Samantha M. Hurndon Week 7

From OpenWetWare

Jump to: navigation, search


Journal Club Prep

BIOL368/F11:Week 7


  1. Epitope: Surface portion of an antigen capible of eliciting an immune response & of combining with the antibody produced to counter that response. [1]
  2. Glycosylated: the adition of glycosyl groups to a protien to form a glycoprotien. [2]
  3. Truncations: To shorten by or as if by cutting off, especially by cutting across at right angles to the long axis.[3]
  4. Isomorphous replacement: A method of determining diffraction phases from the differences in intensity between corresponding reflections from two or more isomorphous crystals. Most commonly used in the determination of protein structures, where it is possible to derive isomorphous crystals of native protein and of heavy-atom derivatives. [4]
  5. Porolate Ellipsoid: a figure generated by the revolution of an ellipse about its major axis. Contrasted with oblate spheroid. [5]
  6. Porolate: elongated in the direction of a line joining the poles [6]
  7. Momomeric: a chemical compound that can undergo polymerization [7]
  8. polymerization: a chemical reaction in which two or more molecules combine to form larger molecules that contain repeating structural units. Reduplication of parts in an organism. [8]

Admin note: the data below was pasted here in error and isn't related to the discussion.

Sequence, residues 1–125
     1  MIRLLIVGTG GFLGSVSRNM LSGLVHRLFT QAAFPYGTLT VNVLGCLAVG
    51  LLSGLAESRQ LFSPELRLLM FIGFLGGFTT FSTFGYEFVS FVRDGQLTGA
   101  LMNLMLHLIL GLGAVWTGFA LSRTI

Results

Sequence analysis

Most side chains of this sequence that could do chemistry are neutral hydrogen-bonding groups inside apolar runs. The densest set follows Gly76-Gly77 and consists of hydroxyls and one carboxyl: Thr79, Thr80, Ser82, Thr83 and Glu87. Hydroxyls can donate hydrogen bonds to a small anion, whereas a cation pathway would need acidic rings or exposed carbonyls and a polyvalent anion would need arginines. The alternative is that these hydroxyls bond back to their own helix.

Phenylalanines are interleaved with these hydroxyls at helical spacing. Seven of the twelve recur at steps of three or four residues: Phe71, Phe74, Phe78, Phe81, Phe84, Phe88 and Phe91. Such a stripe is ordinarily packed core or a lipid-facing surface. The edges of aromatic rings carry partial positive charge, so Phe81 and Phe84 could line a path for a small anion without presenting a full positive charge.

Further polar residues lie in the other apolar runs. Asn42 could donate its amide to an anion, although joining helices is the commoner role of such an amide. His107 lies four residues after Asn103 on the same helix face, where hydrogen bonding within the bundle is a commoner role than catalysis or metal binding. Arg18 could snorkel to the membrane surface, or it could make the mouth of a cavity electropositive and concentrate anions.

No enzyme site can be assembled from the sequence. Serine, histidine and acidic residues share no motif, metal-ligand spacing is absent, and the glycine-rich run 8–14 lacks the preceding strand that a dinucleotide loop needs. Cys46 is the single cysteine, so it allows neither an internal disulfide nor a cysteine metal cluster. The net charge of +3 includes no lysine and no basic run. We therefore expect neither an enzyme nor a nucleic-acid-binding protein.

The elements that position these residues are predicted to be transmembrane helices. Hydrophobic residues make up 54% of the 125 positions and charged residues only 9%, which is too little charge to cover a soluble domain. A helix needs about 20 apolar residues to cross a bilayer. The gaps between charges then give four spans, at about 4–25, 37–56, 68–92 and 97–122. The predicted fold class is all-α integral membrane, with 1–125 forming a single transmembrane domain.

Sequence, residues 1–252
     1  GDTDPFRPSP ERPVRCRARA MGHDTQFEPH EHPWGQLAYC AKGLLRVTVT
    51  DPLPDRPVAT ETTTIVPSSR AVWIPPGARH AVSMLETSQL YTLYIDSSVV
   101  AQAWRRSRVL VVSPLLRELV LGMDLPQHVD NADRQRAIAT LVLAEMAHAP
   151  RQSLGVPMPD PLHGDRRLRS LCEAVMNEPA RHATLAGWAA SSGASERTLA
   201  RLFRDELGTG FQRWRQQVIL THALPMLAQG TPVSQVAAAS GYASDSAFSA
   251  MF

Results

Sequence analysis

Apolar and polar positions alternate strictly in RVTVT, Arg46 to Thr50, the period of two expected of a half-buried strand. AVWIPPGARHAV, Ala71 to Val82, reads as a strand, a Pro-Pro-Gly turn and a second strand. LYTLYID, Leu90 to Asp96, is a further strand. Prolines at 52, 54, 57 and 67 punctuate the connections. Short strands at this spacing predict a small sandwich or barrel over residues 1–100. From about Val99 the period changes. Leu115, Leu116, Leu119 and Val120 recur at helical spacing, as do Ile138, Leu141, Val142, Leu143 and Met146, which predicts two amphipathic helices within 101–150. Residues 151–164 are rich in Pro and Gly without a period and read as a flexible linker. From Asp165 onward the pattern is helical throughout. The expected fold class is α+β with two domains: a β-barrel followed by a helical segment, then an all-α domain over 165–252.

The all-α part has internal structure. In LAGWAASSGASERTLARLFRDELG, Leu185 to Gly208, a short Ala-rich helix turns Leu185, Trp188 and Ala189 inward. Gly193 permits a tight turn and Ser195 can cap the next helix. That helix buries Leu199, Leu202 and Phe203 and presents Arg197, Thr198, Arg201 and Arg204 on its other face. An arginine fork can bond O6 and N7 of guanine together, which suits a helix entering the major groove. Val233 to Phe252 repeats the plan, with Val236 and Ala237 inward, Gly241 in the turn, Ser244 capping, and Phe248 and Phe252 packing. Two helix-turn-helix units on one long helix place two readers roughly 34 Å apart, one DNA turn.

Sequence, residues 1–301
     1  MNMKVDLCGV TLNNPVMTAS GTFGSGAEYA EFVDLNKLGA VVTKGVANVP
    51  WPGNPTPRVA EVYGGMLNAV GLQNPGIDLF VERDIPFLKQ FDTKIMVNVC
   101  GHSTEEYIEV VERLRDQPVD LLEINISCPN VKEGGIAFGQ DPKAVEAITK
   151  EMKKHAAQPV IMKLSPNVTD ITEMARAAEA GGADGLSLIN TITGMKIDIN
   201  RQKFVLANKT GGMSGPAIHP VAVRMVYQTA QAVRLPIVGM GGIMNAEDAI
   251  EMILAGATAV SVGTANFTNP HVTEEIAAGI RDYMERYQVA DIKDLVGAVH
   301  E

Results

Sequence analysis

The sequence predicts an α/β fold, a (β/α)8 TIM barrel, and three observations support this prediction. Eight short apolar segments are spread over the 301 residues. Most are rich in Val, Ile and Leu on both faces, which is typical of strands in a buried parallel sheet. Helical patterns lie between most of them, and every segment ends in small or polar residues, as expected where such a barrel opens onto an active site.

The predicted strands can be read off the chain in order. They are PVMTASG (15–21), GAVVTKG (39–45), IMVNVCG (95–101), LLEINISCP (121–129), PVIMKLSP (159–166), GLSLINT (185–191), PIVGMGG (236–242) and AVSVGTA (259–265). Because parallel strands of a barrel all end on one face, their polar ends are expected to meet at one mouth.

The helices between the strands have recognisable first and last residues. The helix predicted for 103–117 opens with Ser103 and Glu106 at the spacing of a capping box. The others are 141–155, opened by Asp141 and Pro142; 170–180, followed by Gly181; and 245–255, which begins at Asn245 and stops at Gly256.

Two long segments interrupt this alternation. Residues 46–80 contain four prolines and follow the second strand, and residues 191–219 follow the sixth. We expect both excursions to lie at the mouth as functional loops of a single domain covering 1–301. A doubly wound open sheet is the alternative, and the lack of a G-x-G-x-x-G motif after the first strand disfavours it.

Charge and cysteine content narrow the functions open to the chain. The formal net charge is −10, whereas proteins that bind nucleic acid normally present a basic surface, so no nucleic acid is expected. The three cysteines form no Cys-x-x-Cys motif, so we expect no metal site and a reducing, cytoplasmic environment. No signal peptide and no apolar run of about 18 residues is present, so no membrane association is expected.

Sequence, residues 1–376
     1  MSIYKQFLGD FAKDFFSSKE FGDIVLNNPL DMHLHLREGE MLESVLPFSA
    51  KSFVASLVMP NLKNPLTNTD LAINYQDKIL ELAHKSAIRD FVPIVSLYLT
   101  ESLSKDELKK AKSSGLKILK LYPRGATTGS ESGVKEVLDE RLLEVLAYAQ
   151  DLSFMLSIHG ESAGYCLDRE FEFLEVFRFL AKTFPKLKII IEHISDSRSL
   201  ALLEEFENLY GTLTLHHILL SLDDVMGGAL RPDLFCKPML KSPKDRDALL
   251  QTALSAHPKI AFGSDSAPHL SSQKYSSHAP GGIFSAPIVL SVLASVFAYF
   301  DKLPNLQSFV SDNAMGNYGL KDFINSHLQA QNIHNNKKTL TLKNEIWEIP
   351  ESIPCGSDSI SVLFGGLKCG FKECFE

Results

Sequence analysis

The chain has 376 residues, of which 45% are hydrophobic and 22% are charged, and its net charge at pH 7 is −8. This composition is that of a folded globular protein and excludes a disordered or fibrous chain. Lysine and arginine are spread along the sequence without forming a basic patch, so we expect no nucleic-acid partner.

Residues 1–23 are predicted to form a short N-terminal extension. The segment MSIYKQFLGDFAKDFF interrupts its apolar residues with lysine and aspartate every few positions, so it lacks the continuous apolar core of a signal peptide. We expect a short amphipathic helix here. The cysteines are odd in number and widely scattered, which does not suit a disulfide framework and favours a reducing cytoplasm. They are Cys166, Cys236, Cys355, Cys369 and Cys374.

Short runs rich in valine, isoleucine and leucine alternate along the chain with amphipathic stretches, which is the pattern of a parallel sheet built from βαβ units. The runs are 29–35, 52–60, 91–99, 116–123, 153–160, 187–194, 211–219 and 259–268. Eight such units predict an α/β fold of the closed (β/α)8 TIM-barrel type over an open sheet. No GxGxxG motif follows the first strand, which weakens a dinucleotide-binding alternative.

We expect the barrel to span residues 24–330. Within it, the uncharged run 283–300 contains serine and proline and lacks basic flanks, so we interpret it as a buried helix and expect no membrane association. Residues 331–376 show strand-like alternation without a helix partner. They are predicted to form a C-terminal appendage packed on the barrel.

9. Trimeric complex: a polymer or a molecule of a polymer consisting of three identical monomers. [9]
  10. lysis: the destruction or decomposition (of a cell)under influence of a specific agent. Mobilization of an organ by division of restraining adhesions. Gradual reduction of the symptoms of a disease.[10]
  11. Non-neutralizing antibodies: produced after viral infection. They will bind to virus however they do not neutralize infectivity. On the contrary; they may enhance infectivity because antibodies can interact with receptors on macrophage.[11]
  12. Neutralizing antibodies: They can fight off infection by neutralization. In which antibodies block virus infection. [12]
  13. Lymphocytes: a type of white blood cell formed in lymphoid tissue [13]
  14. SIV: Simian immunodeficiency viruses, SIV infects helper T cells. SIV-infected cells typically undergo apoptosis (programmed cell death) within one day of infection. It is similar to HIV and can be used as a model for HIV. However, the impact on human subjects is not like that of HIV. Affected Chimpanzies more than 32000 yrs ago. [14]


  1. Introduction
    • Purpose: Give insight in the understanding HIV entry into cells.
    • For HIV to enter the cells a few things must happen:
      • sequential interaction of gp120 (viral exterior envelope glycoprotein) with CD4 glycoprotein and a chemokine receptor on the cell surface.